East Indian Rosewood is something of a staple in the guitar-building world and, unlike some of the other rosewoods, is still reasonably priced and has a fairly secure future. I always smile when I see sets of this wood marked down to a lower grade when they're not exactly quarter-sawn or exhibit anything less than perfectly straight grain. Some of the other more coveted rosewood species are offered to instrument builders for astronomical prices even when they're flat-sawn or have been salvaged from stumps and have the wildest grain imaginable. The bar is obviously set pretty high for their Indian cousin!

Cheers
Pete


Friday, December 11, 2009

U-Beaut Hard Shellac - Once Bitten, Twice Shy


I didn't want to die wondering whether U-Beaut's Hard Shellac could have been the answer to my finishing dreams and I experimented with it on this little Claro Walnut/Engelmann Spruce 12-fret double-0, destined for my own use. Having been distracted by other projects recently I've only just strung the guitar up and, although it's still a little tight and is yet to have its initial fret job and setup, it sounds very promising already. What's more, I love the way it looks - up to a point.

Reports from those who had used an earlier formulation of this finish were encouraging, but there were occasional angry mutterings about serious crazing which sometimes materialised weeks or even months after application. In response to criticism, the manufacturer added a plasticiser to the recipe and re-released the product, advertising the fact that it was now suitable for musical instruments. I certainly found it a dream to spray after reducing it 50/50 with denatured alcohol to a 2lb cut and, after waiting three weeks or so for it to fully cross-link and harden, I was able to rub it out to an impressive shine. I was an instant but cautious convert! My optimism was tempered by the recognition that any finish - particularly a shellac variant - has to prove its resistance to use and abuse over time before it can be declared commercially viable. With neither use nor abuse to blame in this instance, my hopes have been dashed already however and, after six months, the finish on the neck of this guitar shows the first barely discernible but unmistakeable signs of the same crazing which so frustrated (some) users of the earlier formulation. There's an equally faint suggestion of the same thing happening at the waist on one side and there's no telling if it will worsen or appear elsewhere over time. I must say, I'm not too upset though; it was a risk I was willing to take and at least it's answered the questions I had once and for all - in my mind anyway.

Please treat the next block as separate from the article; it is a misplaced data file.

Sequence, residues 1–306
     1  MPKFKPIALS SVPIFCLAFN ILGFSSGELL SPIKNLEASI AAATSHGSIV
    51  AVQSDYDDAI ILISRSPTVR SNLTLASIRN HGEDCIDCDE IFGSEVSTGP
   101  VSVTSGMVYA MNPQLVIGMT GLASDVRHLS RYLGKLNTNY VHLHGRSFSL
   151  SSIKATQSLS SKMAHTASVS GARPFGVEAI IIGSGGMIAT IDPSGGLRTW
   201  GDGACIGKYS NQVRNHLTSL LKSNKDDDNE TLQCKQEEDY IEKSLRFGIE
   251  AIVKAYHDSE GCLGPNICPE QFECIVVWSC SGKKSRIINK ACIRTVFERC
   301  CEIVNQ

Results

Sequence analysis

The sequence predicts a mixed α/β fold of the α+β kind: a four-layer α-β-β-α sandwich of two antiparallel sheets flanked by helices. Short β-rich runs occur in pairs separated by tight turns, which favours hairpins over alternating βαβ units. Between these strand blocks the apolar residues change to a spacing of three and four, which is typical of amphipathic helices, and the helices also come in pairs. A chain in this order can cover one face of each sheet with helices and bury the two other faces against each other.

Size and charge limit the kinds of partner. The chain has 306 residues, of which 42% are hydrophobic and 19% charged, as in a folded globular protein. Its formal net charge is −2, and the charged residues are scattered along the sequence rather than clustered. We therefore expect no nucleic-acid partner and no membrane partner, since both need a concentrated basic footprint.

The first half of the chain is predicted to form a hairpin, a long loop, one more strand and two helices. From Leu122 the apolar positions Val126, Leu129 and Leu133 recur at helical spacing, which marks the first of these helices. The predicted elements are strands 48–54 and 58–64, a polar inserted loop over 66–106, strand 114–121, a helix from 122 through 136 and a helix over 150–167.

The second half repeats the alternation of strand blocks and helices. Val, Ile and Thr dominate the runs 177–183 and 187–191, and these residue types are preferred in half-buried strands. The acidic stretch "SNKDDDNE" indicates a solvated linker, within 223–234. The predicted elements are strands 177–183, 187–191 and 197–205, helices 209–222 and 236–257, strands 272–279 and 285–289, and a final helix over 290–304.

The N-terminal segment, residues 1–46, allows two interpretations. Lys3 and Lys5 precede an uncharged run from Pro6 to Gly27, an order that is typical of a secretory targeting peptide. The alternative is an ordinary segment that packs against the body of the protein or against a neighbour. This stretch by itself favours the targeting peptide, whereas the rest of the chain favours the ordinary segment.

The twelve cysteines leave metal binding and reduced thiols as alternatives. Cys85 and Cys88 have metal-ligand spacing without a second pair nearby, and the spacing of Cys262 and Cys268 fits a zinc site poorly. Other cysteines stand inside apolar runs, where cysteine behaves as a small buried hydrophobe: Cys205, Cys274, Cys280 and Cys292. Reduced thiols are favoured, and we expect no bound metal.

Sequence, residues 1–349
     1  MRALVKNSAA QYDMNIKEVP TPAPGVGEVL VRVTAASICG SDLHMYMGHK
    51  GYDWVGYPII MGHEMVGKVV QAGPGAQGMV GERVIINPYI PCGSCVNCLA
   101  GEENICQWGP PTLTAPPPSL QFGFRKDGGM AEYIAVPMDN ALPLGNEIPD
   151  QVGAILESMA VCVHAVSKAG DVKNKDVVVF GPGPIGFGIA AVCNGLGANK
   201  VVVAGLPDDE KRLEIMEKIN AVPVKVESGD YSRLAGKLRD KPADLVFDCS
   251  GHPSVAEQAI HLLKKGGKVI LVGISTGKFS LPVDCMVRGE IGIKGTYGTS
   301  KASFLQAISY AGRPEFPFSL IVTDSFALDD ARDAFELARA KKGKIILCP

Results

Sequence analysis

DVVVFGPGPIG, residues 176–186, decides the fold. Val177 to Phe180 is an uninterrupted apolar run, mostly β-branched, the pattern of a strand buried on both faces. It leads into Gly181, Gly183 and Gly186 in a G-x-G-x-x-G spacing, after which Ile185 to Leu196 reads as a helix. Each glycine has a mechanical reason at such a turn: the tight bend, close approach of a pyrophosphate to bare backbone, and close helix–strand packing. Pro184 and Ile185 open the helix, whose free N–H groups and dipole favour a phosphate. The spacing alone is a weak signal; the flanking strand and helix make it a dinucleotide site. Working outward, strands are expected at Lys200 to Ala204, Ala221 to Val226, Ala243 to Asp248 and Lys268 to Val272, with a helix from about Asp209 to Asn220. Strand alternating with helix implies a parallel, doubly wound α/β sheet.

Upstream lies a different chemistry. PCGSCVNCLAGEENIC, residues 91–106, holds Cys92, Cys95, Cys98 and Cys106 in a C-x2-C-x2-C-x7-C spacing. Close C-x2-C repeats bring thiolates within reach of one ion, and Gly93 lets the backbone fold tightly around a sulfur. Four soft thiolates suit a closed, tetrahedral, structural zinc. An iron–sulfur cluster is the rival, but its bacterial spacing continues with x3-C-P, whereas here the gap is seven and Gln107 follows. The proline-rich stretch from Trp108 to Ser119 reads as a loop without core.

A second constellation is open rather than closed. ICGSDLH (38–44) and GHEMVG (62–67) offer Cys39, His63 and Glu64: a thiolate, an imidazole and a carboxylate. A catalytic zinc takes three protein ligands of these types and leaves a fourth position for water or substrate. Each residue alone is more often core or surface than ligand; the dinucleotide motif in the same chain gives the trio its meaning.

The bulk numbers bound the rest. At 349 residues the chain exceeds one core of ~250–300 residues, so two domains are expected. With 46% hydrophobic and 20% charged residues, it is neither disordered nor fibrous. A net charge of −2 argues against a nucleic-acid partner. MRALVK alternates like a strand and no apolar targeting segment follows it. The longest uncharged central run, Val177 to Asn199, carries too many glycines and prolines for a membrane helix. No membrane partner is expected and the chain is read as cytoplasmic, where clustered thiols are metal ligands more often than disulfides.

Interestingly, this Australian product has recently been added to the inventory of one of the leading U.S. lutherie suppliers and there's been a good deal of excited chatter about it on one of the on-line guitar building forums. Based on my very limited experience, I can only urge caution; either the additional plasticiser hasn't been entirely successful in curing the crazing problem, or skilful application is absolutely critical to success. Although I was at pains to spray thin coats, waiting an hour or so between them (it was a hot day), it just may be that the ambient conditions at the time weren't ideal, or that my rudimentary skills with the spray gun weren't up to the task. Perhaps those applying it as a french-polished finish will have better luck, but after this experience, I'm fearful that the results are likely to be unpredictable at best - not a recipe for good customer relations. For the time being at least, I'm inclined to stick with the water-based KTM-SV I discussed in my previous post.